Stainless steel is known for its corrosion resistance in many environments, with different alloys having different levels of corrosion resistance. Also, stainless steels are available with a wide range of strengths. Understanding the reasons for the corrosion resistance is helpful for selecting alloys based on the required strength and environment to which the steel will be exposed.
Stainless steel corrosion resistance is a result of a very thin (about 30 - 50 nanometers) oxide layer on the steel’s surface. This oxide layer is referred to as a passive layer because it renders the surface electrochemically passive in the presence of a corrosive environment.
The passive layer forms because of the chromium added to stainless steel. Stainless steel must contain at least 10.5% chromium for the passive layer to form. The more chromium that is added, the more stable the passive layer becomes. Other elements such as nickel, manganese, and molybdenum can be added to improve the passive layer and enhance stainless steel corrosion resistance.
For mildly corrosive environments, the low end of chromium content may be sufficient, without the need for additional alloying elements. For more aggressive environments such as seawater and sodium chloride solutions, more chromium and some nickel are required, and perhaps even some molybdenum. And for even more aggressive environments, more chromium, more nickel, and more molybdenum are needed.
Another requirement for the formation and maintenance of the passive layer is the steel surface must be exposed to oxygen. Corrosion resistance is greatest when the steel is boldly exposed and the surface is maintained free of deposits.
Under certain circumstances, the passive layer can break down at localized spots. When this happens, the metal corrodes in the localized spots. This is called pitting corrosion. One common cause of pitting corrosion is exposure to aqueous environments that contain chloride, such as coastal atmospheres, road salt combined with rainwater, and even tap water containing high levels of chloride.
The tricky part of pitting corrosion is that stainless steel is selected because of its corrosion resistance. People can be caught off guard when selecting an alloy and not considering the pitting susceptibility. For example, in an environment that contains a high chloride content, 316 may be a better choice than 304. 316 contains about the same amount of chromium and nickel as 304, but also contains molybdenum, which improves pitting resistance.
During the fabrication of stainless steel components or structures it is possible to cause changes to a stainless steel's microstructure that result in degraded corrosion resistance. This occurs when austenitic stainless steels (e.g. 304 and 316) are exposed to temperatures between about 425 °C (797 °F) and 870 °C (1598 °F).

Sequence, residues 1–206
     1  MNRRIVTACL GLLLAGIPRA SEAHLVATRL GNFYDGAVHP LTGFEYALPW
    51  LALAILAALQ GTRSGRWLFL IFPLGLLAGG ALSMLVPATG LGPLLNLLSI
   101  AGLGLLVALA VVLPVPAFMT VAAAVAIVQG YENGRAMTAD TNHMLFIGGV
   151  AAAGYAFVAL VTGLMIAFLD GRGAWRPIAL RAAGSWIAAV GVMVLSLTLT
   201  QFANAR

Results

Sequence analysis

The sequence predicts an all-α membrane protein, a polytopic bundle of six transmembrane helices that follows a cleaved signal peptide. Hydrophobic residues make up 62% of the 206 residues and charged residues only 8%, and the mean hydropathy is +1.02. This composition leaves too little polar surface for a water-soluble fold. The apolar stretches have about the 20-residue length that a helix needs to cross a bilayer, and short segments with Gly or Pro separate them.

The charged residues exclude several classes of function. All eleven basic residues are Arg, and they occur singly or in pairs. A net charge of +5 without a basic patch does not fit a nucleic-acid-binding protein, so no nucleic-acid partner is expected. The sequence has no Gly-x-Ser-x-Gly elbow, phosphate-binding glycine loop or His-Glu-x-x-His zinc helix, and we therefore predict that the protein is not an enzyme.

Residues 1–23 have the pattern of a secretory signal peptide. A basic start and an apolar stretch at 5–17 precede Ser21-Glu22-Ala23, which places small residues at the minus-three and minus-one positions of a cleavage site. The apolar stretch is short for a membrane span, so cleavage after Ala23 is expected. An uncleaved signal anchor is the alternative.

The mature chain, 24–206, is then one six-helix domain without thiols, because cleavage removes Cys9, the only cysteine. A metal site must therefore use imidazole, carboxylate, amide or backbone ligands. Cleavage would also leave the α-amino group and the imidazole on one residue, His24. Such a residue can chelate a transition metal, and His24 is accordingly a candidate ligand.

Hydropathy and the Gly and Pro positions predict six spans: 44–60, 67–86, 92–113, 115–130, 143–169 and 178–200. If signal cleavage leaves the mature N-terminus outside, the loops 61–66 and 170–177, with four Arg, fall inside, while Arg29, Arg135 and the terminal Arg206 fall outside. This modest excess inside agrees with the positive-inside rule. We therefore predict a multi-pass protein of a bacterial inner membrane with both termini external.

When the exposure time is too long, the chromium near the metal’s grain boundaries diffuse to the grain boundaries and react with carbon to form chromium carbide particles on the grain boundaries. As a result, the areas near the grain boundaries become depleted of chromium and lose their corrosion resistance. These areas will be preferentially attacked when the steel is exposed to a corrosive environment, and the grains fall out and the metal loses strength. This is called intergranular corrosion.
Welding is a common cause of forming chromium carbide particles in austenitic stainless steel. During welding, the metal in the heat affected zone is heated to the temperatures required to form the chromium carbide particles on the grain boundaries. One way around this problem is to use an alloy with lower carbon content, such as 304L or 316L. Both alloys contain less carbon than 304 and 316, which reduces the likelihood of forming the chromium carbide particles.
When selecting a stainless steel alloy, it’s important to consider the required strength, specific corrosion conditions, and how components will be fabricated and joined. There are many different alloys from the five alloy families – ferritic, martensite, austenitic, precipitation hardened (PH), and duplex. These different alloy families offer different sets of properties, and the alloy variations within a family – 420 vs 410 and 304 vs. 316 - offer the ability to fine tune a design to meet performance, reliability, and cost requirements.
Want to learn more about stainless steel metallurgy? Check out our recording of a past webinar on Stainless Steel Metallurgy
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